Stop The Mess – D – Yung Shue Long

3. Yung Shue Long to Tai Peng

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Oil drums on the path to Yung Shue Long. The storage of these seems to be a particular problem on Lamma.

Responsibility: How should they be disposed of? Where should they be stored?

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Restaurants often seem to have problems finding enough space, especially after refurbishment. There is not enough space to store things.

Responsibility: Could departments work with the restaurants to find solutions?

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This corner is often piled with rubbish, some from construction on the right hand side, some from the restaurant.

Responsibility: There needs to be more dialogue with restaurant owners and builders to find long-term solutions to cleaning up Lamma.

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This digger has been rusting here for years. Can it be moved and the area landscaped?

Responsibility: Lands Department, LCSD

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The refuse collection point at Yung Shue Long. The area behind it was clear after residents complained about the stockpiling of old bins. Since then someone has dumped old fridges and large metal items there. Often these bins are overflowing. The area needs to be redesigned and landscaped to prevent dumping and encourage responsible use.

Responsibility: Lands Department, FEHD

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Items dumped at the back of the bin area at Yung Shue Long.

Responsibility: Lands Department

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Items dumped at the back of the bin area at Yung Shue Long.

Responsibility: Lands Department

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When the dumping started in the Yung Shue Long valley in May 2009 (see Living Lamma Newsletter Issue 1), this railing was taken off and dumped in the undergrowth.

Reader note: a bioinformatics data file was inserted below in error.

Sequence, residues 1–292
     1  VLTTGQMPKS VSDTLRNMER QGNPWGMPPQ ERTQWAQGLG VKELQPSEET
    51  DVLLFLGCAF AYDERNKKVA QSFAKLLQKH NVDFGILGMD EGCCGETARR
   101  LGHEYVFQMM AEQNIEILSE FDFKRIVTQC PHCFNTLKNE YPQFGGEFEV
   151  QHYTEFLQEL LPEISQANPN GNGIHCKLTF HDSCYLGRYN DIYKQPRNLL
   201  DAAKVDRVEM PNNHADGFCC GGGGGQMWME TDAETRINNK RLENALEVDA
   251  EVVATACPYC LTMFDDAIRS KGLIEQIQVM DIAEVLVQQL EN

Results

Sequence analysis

Responsibility: Lands Department, the landowner? This railing was paid for from the public purse and this is an act of vandalism.

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The Yung Shue Long landfill. This site has been documented separately (See Living Lamma Newsletter Issue 1). It is incredible and a great shame to Hong Kong that government departments cannot act to protect this land, which is zoned for agricultural use.

Responsibility: EPD

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On the path to Yung Shue Long Old Village opposite the landfill, this dumping has occurred in the undergrowth.

Responsibility: Lands Department

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Black water flowing inland from the sea at the DSD nullah in the Yung Shue Long valley. This leaves behind all manner of rubbish and a stink. We have included suggestions for improvements to this area in Appendix III.

Responsibility: DSD

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Some of the mess and silt left behind by the DSD’s nullah.

Responsibility: DSD

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An old printer and various other items including an old washing machine covered in greenery on the right hand side behind the bin.

Responsibility: EPD, Lands Department